Republican resistance squads launch anti-Trump barrage

As Donald Trump prepared to fly to Mount Rushmore to celebrate the July 4 Independence Day holiday, a small group of critics who have trolled him online for months aimed a harsh message at the 45th US president.

“Four of America’s greatest presidents are carved into the living rock of South Dakota’s Black Hills. They are a memorial to those who served with honour,” the narrator says in a video posted on Twitter, before adding: “America’s worst president will neither be remembered nor revered.”

Critics of the most polarising president in modern US history are common. But the video is unusual because it was created by the Lincoln Project, a group of Republicans who worked for former presidents George Bush and George W Bush but are now trying to help Joe Biden, the Democratic nominee, beat Mr Trump in November’s presidential election.

“We are like the French resistance. We are blowing up the supply lines,” said John Weaver, a veteran Republican political consultant and one of the co-founders of the group, which is named after President Abraham Lincoln.

While Mr Trump still enjoys high approval ratings among Republican voters, some in the GOP establishment are unhappy at his actions in office, including his handling of the Covid-19 pandemic and stoking of racial tensions in the wake of the killing of George Floyd.

The Lincoln Project is one of several anti-Trump Republican groups to emerge ahead of the election. Others include Republican Voters Against Trump, which includes several former top aides to ex-governor Jeb Bush, and “Right Side”, founded by Matt Borges, a former Ohio Republican party chairman to persuade Republicans in key swing states to back Mr Biden. But it has captured the most attention after its videos triggered an angry reaction from Mr Trump.

Its founders include Jennifer Horn, a former New Hampshire Republican party chief, and Reed Galen, who worked for former California governor Arnold Schwarzenegger. The group has not released its second-quarter fundraising numbers, but according to the Federal Election Commission, it raised more than $2.5m by the end of March.

Mr Weaver said he had hoped politicians would lead the charge against Mr Trump but lost hope. “We had been to confabs where conservatives would wring their hands and sip Chardonnay and say that the constitution was being ripped up, but nobody was doing anything about it,” he said.

The Lincoln Project employs about 25 people who are able to respond rapidly to events because they do not answer to a candidate or campaign team.

When Mr Trump came under fire this week for ignoring intelligence that Russia was paying the Taliban to kill Americans in Afghanistan, the group promptly released two videos suggesting he was a puppet of his Russian counterpart Vladimir Putin.

In May, they successfully got under Mr Trump’s skin with “Mourning in America”, a video that accused him of ignoring Covid-19, which had then killed 60,000 people in the country. It was a play on the optimistic “Morning in America” advert that former president Ronald Reagan used in his successful re-election campaign in 1984.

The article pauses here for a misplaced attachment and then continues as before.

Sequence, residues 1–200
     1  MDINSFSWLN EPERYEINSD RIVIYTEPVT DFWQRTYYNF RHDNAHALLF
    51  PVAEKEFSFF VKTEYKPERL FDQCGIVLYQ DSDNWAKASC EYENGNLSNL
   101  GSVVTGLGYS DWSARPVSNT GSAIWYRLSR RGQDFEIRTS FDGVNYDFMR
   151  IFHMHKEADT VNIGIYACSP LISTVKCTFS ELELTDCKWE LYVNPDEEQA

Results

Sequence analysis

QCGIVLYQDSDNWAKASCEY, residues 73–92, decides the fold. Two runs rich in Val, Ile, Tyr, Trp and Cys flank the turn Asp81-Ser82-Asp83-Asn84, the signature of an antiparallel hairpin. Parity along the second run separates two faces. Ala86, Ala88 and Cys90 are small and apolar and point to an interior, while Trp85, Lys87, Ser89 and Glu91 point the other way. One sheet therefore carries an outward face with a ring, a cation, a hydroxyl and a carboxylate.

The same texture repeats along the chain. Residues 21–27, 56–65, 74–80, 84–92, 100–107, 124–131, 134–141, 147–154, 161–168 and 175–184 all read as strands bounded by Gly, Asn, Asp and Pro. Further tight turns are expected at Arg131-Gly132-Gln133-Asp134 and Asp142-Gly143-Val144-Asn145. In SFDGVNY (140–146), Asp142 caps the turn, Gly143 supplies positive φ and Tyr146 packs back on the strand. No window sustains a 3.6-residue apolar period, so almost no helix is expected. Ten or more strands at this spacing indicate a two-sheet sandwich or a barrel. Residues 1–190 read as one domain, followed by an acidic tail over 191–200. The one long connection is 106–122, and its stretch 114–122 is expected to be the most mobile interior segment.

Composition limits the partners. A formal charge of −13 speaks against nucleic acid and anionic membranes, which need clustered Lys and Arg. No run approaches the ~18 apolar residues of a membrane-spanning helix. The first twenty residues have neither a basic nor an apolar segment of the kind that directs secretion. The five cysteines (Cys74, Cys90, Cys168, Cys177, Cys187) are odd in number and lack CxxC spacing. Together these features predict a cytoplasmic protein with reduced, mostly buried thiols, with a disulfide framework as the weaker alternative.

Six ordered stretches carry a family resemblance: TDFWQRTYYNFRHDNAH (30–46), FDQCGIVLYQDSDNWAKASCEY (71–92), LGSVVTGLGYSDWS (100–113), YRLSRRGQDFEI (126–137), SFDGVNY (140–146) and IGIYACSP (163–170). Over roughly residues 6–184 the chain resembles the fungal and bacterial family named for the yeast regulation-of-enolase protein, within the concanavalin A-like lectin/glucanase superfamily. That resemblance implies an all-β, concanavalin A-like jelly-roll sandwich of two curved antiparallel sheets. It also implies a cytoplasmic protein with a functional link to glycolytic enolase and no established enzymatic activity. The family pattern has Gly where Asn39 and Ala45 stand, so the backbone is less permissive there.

The attack so riled Mr Trump that he lashed out at the founders by name on Twitter in the middle of the night and described the entire group as “Rino losers” — a disparaging moniker that stands for “Republican in name only”.

The Lincoln Project has created 30 videos to try to persuade Republicans to abandon Mr Trump. These racked up 120m views in June on Twitter.

Mr Weaver said the group’s activity on Twitter was “the tip of the iceberg”. It also uses other traditional ways to reach voters who might switch. But he said the platform allowed it to needle an “audience of one” in Mr Trump, a prolific Twitter user. Mr Weaver said they wanted “the reptile brain to react to something he hates or fears” in the hope of provoking an incendiary response that would help them fundraise.

Other strategies include taking out advertising on local TV networks when the president travels outside Washington, knowing he watches a lot of television.

After releasing “Mourning in America”, it spent $5,000 to air the video during a Fox show called Tucker Carlson Tonight that the president watches. According to Mr Weaver, the Lincoln Project raised $2m after a clearly agitated Mr Trump responded furiously on Twitter.

“If this was a campaign, he would be our biggest donor and we would name him ambassador to Slovenia,” he joked.

Mr Borges of Right Side said he reluctantly voted for Mr Trump in 2016 in the hope he would be more measured in office than on the campaign trail, but he has concluded the president is “a lot worse than people feared”. “The idea that there would be guardrails around him was completely blown out,” he said.

Right Side, which includes Anthony Scaramucci, the former White House communications director, aims to raise $10m and is close to reaching its first million, Mr Borges said.

His research showed a significant number of Republicans were interested in an alternative to Mr Trump, and the Democrats’ choice of Mr Biden over a progressive such as Bernie Sanders made it easier to convince them to back the rival party candidate, he said. Recent polling shows Mr Biden leads Mr Trump in practically all the swing states the president won four years ago.

“I have to take a crack . . . to get the cancer out of the White House,” said Mr Borges.

Lincoln Project also plans to keep up the pressure. “We have some things in the missile silo that we haven’t launched,” Mr Weaver said. To remind Mr Trump, the group this week tweeted: “Current location: The United States of America. Current activity: Trolling the president.”

Follow Demetri Sevastopulo on Twitter: @dimi